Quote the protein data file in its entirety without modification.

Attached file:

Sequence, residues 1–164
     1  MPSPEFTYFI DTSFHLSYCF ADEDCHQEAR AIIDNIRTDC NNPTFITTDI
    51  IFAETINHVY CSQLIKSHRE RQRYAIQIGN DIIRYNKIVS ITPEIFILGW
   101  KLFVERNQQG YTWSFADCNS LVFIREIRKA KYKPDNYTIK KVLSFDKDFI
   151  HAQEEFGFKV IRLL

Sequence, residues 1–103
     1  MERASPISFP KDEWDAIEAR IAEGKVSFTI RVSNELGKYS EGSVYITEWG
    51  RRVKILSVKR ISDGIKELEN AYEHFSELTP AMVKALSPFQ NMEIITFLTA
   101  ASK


Sequence, residues 1–164
     1  MPSPEFTYFI DTSFHLSYCF ADEDCHQEAR AIIDNIRTDC NNPTFITTDI
    51  IFAETINHVY CSQLIKSHRE RQRYAIQIGN DIIRYNKIVS ITPEIFILGW
   101  KLFVERNQQG YTWSFADCNS LVFIREIRKA KYKPDNYTIK KVLSFDKDFI
   151  HAQEEFGFKV IRLL

Sequence, residues 1–103
     1  MERASPISFP KDEWDAIEAR IAEGKVSFTI RVSNELGKYS EGSVYITEWG
    51  RRVKILSVKR ISDGIKELEN AYEHFSELTP AMVKALSPFQ NMEIITFLTA
   101  ASK